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America, Here's My Boy: Gender in American Popular Music during World War I: Case 6

Case 6-Feminine Duty

Case 6 photo

Like men, women had certain duties they had to fulfill and sacrifices they had to make. Women were expected to raise brave soldiers, sacrifice their men to the war effort, remain loyal to their men, keep up the home, and embody all that was beautiful and good for which men were fighting.

Cormack, Rennie, George Burnham McConnell, and Al Dubin. Your Country Needs You Now. New York: M. Witmark & Sons, 1917.

Your country needs you now, cover art

Depicting a woman entreating her son to go to war, this piece implies both that it is the man’s duty to go to war and the woman’s duty to encourage him to do so. The piece includes lyrics entreating men to “shoulder arms,” and “fall in line,” and not to “be a slacker son.”

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Burke, Joe, and James E. Dempsey. If I Had a Son for Each Star in Old Glory: Uncle Sam, I’d Give Them All to You. Illus. R.S. New York: Leo Feist, 1917.

If I had a son for each star in old glory, cover art

This piece implies that being a good woman in America demands that one be willing to give their sons over to the war effort. Raising one’s son to be a soldier is the duty of every American mother.

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Mitchell, Sidney D., Archie Gottler, Theodore F. Morse, and A. Bollaert. Mother, Here’s Your Boy. New York: Leo Feist, 1918.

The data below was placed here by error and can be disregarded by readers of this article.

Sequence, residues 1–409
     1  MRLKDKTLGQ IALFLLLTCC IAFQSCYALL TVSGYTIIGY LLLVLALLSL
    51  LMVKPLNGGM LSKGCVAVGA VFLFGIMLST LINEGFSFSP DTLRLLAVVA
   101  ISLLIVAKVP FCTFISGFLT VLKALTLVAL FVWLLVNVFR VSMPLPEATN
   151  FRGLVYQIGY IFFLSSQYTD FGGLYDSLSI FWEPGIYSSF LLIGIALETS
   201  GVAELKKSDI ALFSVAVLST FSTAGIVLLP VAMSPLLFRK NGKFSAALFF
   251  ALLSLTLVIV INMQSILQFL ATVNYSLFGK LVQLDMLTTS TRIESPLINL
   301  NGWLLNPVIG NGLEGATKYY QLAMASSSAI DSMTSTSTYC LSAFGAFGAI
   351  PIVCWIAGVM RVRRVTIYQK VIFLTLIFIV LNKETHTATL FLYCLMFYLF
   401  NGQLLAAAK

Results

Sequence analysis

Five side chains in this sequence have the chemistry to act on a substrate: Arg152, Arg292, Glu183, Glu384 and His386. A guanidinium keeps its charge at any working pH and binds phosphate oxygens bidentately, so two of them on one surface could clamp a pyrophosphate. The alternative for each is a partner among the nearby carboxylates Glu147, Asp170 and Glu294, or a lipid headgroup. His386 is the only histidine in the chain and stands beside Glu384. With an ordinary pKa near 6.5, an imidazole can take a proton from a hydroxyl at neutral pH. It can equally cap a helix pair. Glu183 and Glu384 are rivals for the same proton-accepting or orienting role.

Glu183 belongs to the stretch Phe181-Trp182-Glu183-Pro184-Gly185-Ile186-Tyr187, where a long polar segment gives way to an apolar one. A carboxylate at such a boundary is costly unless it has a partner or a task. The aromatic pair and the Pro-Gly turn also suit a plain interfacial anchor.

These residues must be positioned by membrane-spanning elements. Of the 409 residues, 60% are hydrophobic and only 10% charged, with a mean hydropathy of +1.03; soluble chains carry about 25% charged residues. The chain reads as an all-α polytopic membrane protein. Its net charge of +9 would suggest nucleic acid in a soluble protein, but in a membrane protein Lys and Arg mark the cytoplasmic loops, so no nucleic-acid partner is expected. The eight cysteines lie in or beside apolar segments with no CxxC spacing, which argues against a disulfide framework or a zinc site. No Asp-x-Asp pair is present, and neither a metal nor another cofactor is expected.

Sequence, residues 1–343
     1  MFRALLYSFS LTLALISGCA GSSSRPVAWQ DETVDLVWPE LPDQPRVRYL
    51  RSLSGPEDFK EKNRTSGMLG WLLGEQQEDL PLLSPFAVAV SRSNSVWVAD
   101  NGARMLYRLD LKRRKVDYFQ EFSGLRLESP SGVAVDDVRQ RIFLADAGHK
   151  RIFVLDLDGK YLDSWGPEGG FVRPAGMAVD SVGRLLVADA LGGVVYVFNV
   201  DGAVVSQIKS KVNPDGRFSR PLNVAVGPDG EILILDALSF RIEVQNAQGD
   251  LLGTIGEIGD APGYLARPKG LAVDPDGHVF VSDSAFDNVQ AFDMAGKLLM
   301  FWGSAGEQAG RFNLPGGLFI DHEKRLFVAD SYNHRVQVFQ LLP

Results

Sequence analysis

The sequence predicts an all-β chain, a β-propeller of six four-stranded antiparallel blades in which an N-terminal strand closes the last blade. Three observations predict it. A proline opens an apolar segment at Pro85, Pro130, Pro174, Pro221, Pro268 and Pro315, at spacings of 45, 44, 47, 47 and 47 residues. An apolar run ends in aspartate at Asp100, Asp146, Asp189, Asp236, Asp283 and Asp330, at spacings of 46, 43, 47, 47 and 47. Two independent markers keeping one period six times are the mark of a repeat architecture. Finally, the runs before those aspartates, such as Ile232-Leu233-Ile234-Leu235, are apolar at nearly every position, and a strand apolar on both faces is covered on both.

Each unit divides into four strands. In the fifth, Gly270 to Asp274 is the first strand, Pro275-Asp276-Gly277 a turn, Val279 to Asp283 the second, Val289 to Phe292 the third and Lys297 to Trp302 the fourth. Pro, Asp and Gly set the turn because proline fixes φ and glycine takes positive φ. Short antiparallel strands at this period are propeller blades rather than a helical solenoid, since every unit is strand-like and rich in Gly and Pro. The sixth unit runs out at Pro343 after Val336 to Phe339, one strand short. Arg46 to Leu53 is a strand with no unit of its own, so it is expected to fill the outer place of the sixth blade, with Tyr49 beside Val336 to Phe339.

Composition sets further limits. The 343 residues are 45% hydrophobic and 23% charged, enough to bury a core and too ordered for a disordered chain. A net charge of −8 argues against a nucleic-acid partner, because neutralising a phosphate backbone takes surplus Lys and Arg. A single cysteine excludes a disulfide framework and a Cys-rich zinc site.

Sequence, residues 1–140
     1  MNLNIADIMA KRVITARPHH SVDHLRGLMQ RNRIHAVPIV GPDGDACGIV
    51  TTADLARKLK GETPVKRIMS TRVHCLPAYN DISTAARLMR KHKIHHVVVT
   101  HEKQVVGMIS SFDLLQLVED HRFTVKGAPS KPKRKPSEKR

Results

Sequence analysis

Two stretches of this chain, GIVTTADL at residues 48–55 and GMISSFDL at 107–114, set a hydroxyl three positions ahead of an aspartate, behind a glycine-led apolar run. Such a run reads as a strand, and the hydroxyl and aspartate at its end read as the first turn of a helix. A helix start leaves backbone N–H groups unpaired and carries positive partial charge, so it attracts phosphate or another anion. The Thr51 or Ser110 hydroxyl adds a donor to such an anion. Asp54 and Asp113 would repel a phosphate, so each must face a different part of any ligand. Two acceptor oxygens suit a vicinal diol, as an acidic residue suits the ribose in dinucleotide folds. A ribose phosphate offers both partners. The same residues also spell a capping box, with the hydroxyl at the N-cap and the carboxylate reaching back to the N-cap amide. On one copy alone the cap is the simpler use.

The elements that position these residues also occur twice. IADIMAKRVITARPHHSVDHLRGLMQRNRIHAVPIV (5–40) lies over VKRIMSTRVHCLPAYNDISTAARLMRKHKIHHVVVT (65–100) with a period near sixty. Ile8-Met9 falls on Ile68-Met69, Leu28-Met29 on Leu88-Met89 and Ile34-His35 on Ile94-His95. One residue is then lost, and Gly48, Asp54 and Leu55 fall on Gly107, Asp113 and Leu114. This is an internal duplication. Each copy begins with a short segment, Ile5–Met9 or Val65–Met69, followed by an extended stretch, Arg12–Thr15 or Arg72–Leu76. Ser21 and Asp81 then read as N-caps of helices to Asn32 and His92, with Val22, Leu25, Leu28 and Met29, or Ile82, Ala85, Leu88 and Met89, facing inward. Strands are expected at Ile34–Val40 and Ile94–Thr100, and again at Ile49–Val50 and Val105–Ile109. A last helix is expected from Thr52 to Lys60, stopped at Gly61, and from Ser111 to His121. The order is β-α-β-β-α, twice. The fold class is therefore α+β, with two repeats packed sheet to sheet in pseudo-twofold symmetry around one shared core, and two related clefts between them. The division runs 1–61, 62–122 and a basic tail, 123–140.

Mother here's your boy, cover art

This piece, published after the armistice of November 11th, 1918, rewards mothers for giving up their “pride and joy” to the war effort.

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Stanley, Jack, and Jessie Spiess. While You’re Over There in No Man’s Land, I’m Over Here in Lonesome Land. Illus. Starmer. Chicago: Will Possiter, 1918.

While you're over there..., cover art

In this song, the woman encourages her husband to “play your part in this fight” while she keeps “the home fires bright.” Despite her loneliness, this woman remains brave and true so her man can perform his duty to his country.

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Clayton, Will, and Lew Brown. Watch, Hope, and Wait Little Girl: ‘Till I Come Back To You. Illus. E. E. Walton. New York: Broadway Music, 1918.

Watch hope wait little girl, cover art

The title of this piece implores women to remain faithful and diligent for their man while he serves his nation overseas.

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Piantadosi, Al, and Louis Weslyn. Send Me Away With a Smile. New York: Al Piantadosi & Co., 1917.

Send me away with a smile, cover art

This song epitomizes the duty women had to their men and to their country during the war. The man singing entreats his sweetheart to be cheerful and encourage him on his way with a smile. He asks her to give him “words of cheer; To recall in time of pain.” Women were expected embody all things beautiful and good in order to encourage their men through the trials of war.

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